Darrow Miller and Friends

Three Kingdom Virtues for the Church Today: Courage, Perseverance, and Faithfulness

What does kingdom faithfulness look like in 2013? How should we live as faithful Christians in the midst of a culture that is increasingly anti-Christian? How do we respond when we are progressively misunderstood, mischaracterized, and mistreated?

Glenn Sunshine writes about kingdom livingDr. Glenn Sunshine provides a powerful, profound answer in his outstanding book, Why You Think the Way You Do: The Story of Western Worldviews from Rome to Home. See the following excerpt (emphasis added).

We must work for social justice… to help dismantle the legal and institutional structures that keep people in poverty, and instead to put in place policies that promote human flourishing. Among other things, this involves supporting a pro-family agenda that emphasizes the biological family of mother, father, and children established by God… as the essential foundation for economic, cultural, and social stability.

In political life… we must be careful. Christ’s kingdom is not of this world, and it will never be ushered in through political power. Instead, we must live lives consistent with our faith, and thus by our concern and our action on behalf of others we will earn the right to be heard. From there, we can persuade others the truths and values of the kingdom and build the kind of grassroots movement that alone can bring long-term change to a society. Politics is downstream from culture, and while Christians can and should be involved in the political process, we must never forget that in this world the kingdom can only be built from the bottom up, never imposed from the top down.

We also need to insist on the right to dissent. Everyone has the right to freedom of conscience and the right to express themselves without fear of repercussion, whether or not they agree with us. The kingdom is not built on coercion, and since all truth is God’s truth, the biblical worldview will always prevail in a free marketplace of ideas and a level playing field…

Those who hold to a biblical worldview may come to strikingly different conclusions concerning policies and the best means to promote the well-being of society. We need to give each other permission to disagree on both peripheral issues and on practical applications of principle.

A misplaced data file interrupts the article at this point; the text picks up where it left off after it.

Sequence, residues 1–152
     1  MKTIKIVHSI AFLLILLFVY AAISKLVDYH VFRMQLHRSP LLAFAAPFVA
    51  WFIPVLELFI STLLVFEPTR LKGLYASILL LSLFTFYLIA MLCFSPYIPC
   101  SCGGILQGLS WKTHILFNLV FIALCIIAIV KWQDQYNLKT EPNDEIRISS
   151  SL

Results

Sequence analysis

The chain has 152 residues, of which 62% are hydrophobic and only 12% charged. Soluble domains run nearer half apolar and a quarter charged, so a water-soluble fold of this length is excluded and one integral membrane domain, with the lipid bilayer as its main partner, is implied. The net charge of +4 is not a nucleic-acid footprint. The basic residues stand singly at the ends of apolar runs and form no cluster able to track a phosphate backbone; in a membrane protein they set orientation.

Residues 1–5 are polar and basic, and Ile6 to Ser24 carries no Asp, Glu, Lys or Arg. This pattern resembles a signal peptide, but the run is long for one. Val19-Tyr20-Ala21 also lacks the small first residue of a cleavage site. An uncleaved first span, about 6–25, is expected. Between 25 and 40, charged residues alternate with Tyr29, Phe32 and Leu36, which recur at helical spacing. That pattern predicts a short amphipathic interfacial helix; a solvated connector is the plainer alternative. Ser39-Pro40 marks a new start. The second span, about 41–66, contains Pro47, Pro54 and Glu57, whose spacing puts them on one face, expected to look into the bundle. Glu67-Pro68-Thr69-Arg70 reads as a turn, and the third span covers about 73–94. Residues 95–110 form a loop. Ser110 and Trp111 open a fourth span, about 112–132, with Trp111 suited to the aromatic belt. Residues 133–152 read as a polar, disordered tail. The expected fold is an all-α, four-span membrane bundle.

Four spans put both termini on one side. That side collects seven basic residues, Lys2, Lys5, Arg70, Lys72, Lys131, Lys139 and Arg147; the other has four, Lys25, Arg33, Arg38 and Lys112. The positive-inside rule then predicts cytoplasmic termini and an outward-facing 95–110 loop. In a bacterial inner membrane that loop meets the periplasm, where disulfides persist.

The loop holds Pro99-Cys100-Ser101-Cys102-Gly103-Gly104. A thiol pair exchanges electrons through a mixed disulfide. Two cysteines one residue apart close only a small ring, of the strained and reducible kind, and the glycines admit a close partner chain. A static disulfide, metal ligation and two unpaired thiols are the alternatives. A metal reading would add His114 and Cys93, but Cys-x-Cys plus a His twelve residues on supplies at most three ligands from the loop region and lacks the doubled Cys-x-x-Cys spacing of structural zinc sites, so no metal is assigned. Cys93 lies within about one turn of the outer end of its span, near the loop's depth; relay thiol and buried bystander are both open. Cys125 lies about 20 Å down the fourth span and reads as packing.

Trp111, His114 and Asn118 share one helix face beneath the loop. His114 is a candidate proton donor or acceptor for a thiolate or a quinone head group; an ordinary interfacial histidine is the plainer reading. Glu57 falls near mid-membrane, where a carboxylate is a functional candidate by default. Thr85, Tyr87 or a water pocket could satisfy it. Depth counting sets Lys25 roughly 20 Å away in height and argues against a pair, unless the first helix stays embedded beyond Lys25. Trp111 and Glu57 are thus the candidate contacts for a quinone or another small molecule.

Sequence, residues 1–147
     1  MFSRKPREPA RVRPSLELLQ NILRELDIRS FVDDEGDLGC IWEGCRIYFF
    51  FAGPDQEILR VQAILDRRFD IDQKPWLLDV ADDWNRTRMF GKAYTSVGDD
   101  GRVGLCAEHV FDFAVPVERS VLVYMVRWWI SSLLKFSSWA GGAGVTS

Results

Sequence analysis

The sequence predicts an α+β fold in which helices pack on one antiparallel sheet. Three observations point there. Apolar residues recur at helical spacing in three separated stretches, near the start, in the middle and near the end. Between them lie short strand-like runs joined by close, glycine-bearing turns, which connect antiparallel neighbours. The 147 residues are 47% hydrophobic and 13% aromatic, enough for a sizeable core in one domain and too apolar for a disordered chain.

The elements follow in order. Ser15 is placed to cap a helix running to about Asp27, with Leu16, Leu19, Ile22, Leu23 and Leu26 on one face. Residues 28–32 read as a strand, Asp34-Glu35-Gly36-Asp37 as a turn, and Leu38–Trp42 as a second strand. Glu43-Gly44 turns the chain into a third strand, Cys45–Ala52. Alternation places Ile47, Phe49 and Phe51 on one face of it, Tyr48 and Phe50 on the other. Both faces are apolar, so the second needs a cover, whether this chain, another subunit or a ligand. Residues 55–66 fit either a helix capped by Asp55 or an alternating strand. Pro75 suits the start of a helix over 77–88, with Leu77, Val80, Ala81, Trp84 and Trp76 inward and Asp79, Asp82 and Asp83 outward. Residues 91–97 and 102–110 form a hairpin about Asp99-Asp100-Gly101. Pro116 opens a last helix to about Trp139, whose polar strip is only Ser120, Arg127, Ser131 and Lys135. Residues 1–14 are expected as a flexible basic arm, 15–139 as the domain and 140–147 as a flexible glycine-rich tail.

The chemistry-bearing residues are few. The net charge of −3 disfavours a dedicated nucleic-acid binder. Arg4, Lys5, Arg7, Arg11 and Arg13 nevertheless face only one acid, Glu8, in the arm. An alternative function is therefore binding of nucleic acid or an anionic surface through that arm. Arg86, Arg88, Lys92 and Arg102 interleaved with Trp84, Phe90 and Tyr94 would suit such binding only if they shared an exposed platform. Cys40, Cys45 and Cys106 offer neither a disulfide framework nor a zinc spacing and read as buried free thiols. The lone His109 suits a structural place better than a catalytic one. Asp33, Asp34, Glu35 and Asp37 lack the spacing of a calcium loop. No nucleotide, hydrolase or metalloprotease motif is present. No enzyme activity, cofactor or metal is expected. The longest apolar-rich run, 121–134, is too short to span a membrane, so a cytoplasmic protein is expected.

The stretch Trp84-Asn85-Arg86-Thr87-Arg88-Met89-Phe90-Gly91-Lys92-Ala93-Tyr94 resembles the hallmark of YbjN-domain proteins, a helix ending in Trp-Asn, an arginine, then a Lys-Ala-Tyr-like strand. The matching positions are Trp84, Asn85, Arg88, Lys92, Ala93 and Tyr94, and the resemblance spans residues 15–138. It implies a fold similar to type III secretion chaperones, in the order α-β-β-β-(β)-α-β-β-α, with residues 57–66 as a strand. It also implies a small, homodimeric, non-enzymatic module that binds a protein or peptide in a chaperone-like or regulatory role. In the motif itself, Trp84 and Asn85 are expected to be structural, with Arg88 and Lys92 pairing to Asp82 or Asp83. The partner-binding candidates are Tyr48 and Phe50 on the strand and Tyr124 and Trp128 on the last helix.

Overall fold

Mostly, we need to follow the model of the early church. Living a biblically faithful life will not make us popular. It is no accident that the Beatitudes end with “Blessed are those who are persecuted because of righteousness, for theirs is the kingdom of heaven” (Matthew 5:10). In the face of a culture far more corrupt and decadent than our own, the early Christians lived lives of extravagant faithfulness, even to the point of torture and death. And they won. It took over three hundred years, but they transformed Roman society.

We tend to get discouraged over a single election cycle. If we are going to have the kind of impact on our society that the early Christians had on Rome, we need their courage, their perseverance, and their faithfulness. If we have those qualities, we can and will have an impact on our society far beyond our numbers and will produce cultural renewal and a better life for those who come after us, Christian and non-Christian alike.

I couldn’t agree more strongly. Now is the time for courage, perseverance, and faithfulness. Living a life of “extravagant faithfulness” will not make us popular with the cultural elite. We must be prepared and willing to be mischaracterized and mistreated. We must be ready to speak up for the truth boldly, yet in love.

Dr. Sunshine was a co-presenter, along with Darrow, at the recent Wilberforce Weekend conference in Virginia. He is a professor of European intellectual history at Connecticut State University.

– Scott Allen



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Scott Allen serves as president of the DNA secretariat office. After serving with Food for the Hungry for 19 years in both the United States and Japan, working in the areas of human resources, staff training and program management, he teamed up with Darrow Miller and Bob Moffitt to launch the DNA in 2008. Scott is the author of Beyond the Sacred-Secular Divide: A Call to Wholistic Life and Ministry and co-author of several books including, As the Family Goes, So Goes the Nation: Principles and Practices for Building Healthy Families. His most recent book is Why Social Justice is Not Biblical Justice. Scott lives with his wife, Kim, in Bend, OR. They have five children.